Despite the hysterical reactions from some quarters of the right (“A victory for terrorists!”; “Can’t Try Them, So Fry Them!”; “Instrument of Surrender Signed by SCOTUS”), the Hamdan opinion was actually quite modest in scope. As Mark Tushnet explains:
And now to the final point: What would the legal position be were Congress to authorize exactly the same tribunals and Hamdan to be charged with a war crime before such a tribunal? It seems to me that the Hamdan opinion does not show, in any way, that such tribunals, authorized by Congress, would be impermissible. The only question the Court discusses is a separation-of-powers question, about the President’s power to convene these tribunals given the other processes Congress has authorized.
(2) What about the Geneva Convention and Common Article Three? First, as I read the opinion, the Court holds that Common Article Three requires trial before a regularly constituted tribunal, and interprets the term “regularly constituted” to mean, “constituted pursuant to the ordinary methods of establishing tribunals.” And, again as I read the opinion, a statute enacted by Congress creating these tribunals would satisfy that requirement. But, second, and even more obvious, Common Article Three is a provision in a treaty, and well-established law in the United States holds that subsequently enacted statutes can override preexisting treaty requirements (the last-in-time rule). So, even if the tribunals the President constituted violate Common Article Three, a congressional statute explicitly reconstituting them would not be unlawful as a matter of U.S. law.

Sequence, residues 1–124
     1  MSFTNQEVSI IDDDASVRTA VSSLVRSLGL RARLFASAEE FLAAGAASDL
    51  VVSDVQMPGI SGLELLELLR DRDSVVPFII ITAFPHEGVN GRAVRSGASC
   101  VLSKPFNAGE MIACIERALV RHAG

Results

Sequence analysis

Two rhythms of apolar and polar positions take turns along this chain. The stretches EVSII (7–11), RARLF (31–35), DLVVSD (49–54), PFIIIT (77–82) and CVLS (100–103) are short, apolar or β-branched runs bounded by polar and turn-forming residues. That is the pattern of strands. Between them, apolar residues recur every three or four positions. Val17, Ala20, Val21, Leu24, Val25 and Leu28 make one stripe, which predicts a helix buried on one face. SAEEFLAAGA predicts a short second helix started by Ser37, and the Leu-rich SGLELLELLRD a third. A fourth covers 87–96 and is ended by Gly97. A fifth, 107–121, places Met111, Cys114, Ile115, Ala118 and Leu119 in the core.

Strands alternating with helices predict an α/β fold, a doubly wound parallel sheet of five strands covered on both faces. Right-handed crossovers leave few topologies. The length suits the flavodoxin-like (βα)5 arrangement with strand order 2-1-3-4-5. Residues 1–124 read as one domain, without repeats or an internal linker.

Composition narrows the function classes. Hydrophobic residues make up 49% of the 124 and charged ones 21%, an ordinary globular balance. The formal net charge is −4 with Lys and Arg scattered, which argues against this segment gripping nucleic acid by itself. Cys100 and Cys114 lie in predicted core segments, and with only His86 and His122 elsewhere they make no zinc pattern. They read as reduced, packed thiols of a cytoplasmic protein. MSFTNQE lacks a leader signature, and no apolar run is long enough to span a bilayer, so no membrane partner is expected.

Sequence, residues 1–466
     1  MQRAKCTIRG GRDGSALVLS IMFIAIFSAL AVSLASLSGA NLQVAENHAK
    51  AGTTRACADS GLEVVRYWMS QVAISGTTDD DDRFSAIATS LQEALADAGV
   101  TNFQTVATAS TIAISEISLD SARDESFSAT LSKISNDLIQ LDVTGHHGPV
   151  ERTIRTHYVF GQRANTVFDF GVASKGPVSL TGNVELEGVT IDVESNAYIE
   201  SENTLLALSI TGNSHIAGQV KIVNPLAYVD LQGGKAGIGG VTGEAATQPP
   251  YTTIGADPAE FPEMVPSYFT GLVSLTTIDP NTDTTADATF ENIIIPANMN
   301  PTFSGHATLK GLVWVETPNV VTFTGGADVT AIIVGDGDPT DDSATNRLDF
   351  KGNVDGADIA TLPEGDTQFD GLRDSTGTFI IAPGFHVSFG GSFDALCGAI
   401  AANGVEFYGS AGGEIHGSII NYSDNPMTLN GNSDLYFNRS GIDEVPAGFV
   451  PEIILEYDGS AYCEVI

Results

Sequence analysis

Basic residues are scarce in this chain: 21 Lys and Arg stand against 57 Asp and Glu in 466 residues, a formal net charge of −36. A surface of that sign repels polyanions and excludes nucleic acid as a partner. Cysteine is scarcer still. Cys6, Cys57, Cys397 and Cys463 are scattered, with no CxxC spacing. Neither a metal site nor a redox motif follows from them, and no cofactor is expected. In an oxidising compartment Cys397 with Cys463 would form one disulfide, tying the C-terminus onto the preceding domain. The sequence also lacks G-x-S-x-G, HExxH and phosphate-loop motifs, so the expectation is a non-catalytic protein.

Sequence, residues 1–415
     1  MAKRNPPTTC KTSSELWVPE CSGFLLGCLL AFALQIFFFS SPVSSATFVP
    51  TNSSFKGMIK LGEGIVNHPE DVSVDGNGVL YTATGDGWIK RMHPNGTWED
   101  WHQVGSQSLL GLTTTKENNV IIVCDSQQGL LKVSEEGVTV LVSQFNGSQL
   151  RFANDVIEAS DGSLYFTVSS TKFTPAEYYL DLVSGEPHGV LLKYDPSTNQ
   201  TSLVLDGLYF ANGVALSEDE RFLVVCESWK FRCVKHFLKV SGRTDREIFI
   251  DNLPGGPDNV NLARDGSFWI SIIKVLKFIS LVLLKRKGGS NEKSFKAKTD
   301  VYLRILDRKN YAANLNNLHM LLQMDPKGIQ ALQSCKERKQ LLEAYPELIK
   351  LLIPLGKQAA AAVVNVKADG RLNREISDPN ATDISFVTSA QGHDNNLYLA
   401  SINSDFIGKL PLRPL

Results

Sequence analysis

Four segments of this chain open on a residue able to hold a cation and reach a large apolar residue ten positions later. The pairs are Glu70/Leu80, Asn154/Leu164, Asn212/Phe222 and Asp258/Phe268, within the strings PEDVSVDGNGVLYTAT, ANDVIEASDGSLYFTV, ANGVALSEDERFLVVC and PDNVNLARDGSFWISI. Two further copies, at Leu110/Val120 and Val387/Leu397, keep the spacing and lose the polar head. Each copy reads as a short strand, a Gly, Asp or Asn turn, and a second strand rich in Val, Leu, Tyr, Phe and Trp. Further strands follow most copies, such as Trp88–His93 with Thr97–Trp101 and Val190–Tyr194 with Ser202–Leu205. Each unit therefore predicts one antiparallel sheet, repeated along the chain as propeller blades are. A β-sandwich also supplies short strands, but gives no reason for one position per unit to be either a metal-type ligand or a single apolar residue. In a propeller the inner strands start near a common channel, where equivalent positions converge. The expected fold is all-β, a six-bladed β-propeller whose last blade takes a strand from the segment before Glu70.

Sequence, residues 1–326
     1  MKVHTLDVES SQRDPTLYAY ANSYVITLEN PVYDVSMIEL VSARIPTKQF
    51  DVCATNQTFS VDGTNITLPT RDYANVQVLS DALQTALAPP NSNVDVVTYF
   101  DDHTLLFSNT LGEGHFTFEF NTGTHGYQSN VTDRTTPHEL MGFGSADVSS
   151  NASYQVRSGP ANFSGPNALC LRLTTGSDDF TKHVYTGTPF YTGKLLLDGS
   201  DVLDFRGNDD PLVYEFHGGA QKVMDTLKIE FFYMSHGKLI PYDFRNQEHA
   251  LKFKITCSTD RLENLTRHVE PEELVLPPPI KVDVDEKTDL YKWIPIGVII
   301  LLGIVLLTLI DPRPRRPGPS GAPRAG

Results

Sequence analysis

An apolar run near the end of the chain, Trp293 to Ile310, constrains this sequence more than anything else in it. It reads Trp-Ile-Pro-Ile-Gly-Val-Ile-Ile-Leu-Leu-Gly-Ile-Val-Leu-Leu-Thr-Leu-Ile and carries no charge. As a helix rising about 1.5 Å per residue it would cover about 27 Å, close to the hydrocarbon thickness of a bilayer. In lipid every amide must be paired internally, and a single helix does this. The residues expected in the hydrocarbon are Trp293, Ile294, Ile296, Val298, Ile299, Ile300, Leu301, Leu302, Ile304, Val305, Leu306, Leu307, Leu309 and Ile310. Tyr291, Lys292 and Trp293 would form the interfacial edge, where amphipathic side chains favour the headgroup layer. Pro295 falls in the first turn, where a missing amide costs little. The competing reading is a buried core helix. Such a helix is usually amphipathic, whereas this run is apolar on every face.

Far from being overreach, if anything the case doesn’t go far enough; it is true that the case may have the effect of “sanitizing a vicious policy.” Nonetheless, this is not to say that the decision isn’t important. The tradition of the courts deferring to the political branches during times of conflict, while it clearly has gone too far in some cases, exists for sound reasons. I think, for example, that Lincoln was within his powers to initiate a blockade in 1861, and the Supreme Court was right to uphold his actions. Military conflicts do require some leeway for executive action.
However, there are two key distinctions here: 1)Lincoln (unlike Bush) was not acting against Congressional statutes, and 2)Lincoln never claimed that his Article II powers were unreguable. As Lederman and Balkin point out, the most important aspect of the decision is that it forces Congress to actually exercise its proper constitutional functions. The Court did not attempt to usurp the roles of the other branches, but simply Perhaps the conflict with Al Qaeda does require a different set of procedures than Congress has previously established. But if that’s true, it’s up to the administration to make the case to Congress and the public, and to get the law changed, rather than to simply exercise arbitrary power and ignore existing statutes. Hopefully Congress will create better procedures than the administration tried to use, but even legislative ratification of the bad procedures would be better in the long run than the Court simply ratifying lawless executive power, particularly in the case of a conflict that is essentially unbounded by time. Bad laws can be changed; the idea that the President is above the law is much, much worse.